Gujarat Univ converts banana plant waste into useful products

Banana plant

Under a project 'A value chain on utilisation of banana pseudostem for fibre and other value added products', Navsari Agriculture University (NAU) professors have developed edible candy high in fibre and nutrition made out of central core of plant pseudostem.
The other products include fibre for textile and paper industry and organic liquid fertiliser which have been developed under the project which aims for efficient use of each and every component of banana plant.

"We have been working on the project for a year and developed a number of products using the banana plant, including edible candy," NAU professor B N Kolambe told PTI.
"This candy is made from the central core of the banana plant pseudostem, which is a nutrition-rich part. The candy has been developed on experimental basis and we are in the process of standardising the product," he said.
If parts of banana plant like leaves and pseudostem is used to develop value added products farmers would be the ultimate beneficiaries as banana is grown in large quantity in Gujarat, Kolambe said.

"A sample of the candy has been sent for certification to the Central Food Technological Research Institute (CFTRI), Mysore. It is still in the initial stage and once we get the certification we would try and find partners for commercial production," Kolambe said.
The professor said that they have been working for the last one year on the project, which aims at developing technology or processes for utilisation of different parts of banana plant which are thrown away.
According to Kolambe, banana is cultivated throughout the year in over 55,000 hectares in the state.

And also looking at the demand for banana in the international market and with new technologies evolved for better yield, farmers have shown interest in its cultivation in state mainly in districts of south Gujarat, he said.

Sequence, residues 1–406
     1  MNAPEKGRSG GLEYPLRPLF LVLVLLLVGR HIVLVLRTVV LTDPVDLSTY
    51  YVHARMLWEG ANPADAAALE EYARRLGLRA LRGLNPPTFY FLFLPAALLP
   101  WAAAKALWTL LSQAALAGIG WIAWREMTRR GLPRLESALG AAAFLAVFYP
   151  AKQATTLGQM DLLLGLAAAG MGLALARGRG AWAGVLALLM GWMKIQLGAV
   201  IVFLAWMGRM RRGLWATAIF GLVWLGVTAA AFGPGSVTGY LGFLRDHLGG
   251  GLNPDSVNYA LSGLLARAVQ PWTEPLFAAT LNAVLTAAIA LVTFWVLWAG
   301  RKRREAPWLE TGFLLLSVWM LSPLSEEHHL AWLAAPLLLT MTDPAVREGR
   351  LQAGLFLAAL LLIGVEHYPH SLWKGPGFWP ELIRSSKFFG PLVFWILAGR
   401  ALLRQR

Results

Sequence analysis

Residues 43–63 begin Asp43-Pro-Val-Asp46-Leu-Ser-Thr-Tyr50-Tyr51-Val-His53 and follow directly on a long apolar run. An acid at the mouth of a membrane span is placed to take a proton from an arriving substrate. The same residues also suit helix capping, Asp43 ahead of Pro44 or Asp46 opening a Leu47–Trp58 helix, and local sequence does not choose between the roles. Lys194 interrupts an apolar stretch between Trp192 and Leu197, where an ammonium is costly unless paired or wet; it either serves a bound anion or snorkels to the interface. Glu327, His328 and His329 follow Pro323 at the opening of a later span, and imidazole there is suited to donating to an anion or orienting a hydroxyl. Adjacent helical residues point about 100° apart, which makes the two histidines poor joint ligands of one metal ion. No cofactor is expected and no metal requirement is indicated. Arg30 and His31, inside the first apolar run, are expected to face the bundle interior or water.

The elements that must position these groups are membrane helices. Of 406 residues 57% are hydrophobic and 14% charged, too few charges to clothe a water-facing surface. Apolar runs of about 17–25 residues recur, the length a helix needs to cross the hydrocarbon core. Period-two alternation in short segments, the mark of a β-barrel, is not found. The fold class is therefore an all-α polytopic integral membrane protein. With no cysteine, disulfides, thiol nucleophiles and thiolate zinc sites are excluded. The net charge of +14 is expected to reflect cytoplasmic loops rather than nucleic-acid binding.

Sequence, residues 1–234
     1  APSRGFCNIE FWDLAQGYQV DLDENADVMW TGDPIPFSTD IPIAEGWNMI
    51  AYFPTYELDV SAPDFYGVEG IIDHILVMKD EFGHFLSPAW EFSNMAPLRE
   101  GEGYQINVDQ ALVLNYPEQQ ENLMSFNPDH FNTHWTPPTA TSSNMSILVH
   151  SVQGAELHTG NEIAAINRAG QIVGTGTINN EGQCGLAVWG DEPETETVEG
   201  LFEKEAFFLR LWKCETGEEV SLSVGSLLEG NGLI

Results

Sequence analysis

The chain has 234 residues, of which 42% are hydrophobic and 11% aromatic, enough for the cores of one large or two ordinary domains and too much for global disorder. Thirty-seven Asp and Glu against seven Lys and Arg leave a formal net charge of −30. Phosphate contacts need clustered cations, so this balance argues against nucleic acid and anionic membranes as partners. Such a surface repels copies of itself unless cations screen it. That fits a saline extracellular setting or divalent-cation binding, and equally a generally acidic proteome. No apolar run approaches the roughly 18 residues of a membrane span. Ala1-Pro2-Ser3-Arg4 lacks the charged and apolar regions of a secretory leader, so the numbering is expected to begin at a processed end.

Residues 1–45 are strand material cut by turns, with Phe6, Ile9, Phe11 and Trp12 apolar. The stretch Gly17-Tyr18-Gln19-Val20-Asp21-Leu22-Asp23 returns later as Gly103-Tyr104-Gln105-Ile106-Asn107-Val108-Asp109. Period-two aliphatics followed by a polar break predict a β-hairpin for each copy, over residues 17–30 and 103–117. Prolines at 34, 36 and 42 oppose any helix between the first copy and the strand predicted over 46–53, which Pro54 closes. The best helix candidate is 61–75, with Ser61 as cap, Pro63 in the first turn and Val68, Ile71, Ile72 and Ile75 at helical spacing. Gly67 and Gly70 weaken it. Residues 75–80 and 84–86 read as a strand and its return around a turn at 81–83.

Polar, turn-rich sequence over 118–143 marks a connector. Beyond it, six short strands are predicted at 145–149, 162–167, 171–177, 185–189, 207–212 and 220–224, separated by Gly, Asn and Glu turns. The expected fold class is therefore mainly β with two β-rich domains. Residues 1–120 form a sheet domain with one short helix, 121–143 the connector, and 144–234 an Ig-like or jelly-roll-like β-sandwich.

"The per hectare yield of banana crop is about 34 tonne in the state. As a result, in addition to fruit production, huge quantity of biomass (pseduostem, leaves) is generated which is discarded as waste," Kolambe said.

In the past, some researchers have successfully demonstrated use of Banana pseudostem and leaves for extraction of fibres on a small scale, he said.
"What we are developing is a technology for extracting fibre and pulp out of banana pseudostem for commercial purpose which could be used in textile and paper industry.

Presently, banana fibre in India is mainly used for handicrafts and rope, as major problem of non-adoption of fibre extraction technology is low recovery of fibres leading to high transport cost, Kolambe said.
The professor said that during fibre extraction, waste and sap (a watery solution of sugars, salts and minerals obtained from banana pseudostem) are obtained as by-products which are used for preparing enriched vermi-compost and as liquid fertiliser respectively.

"We have completed the first phase of developing technology or process. In the next stage we will standardise the process for industrial and commercial use," Kolambe said.
"In the final stage we plan to develop an effective marketing network of banana pseudostem based products and attempts will be made to popularise the developed technologies among the entrepreneurs and other stakeholders through awareness programmes," he said.

With the use of technology developed out of this project, the net profit of banana growers is expected to increase by 15-20 per cent as pseudostem fibres will be an additional source of raw material for textile and paper industries, Kolambe said.
"Not only this, use of pseudostem based vermi-compost and sap will curtail fertiliser expenses by about 20-25 per cent along with advantage of sustaining soil health," he added.

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